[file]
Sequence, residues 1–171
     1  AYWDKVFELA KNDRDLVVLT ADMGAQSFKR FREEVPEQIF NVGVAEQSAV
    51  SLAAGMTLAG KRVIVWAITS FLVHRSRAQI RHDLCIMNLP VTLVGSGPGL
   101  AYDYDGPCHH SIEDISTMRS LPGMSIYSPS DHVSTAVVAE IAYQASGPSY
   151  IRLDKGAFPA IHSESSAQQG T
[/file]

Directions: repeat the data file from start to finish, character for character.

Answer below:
Sequence, residues 1–171
     1  AYWDKVFELA KNDRDLVVLT ADMGAQSFKR FREEVPEQIF NVGVAEQSAV
    51  SLAAGMTLAG KRVIVWAITS FLVHRSRAQI RHDLCIMNLP VTLVGSGPGL
   101  AYDYDGPCHH SIEDISTMRS LPGMSIYSPS DHVSTAVVAE IAYQASGPSY
   151  IRLDKGAFPA IHSESSAQQG T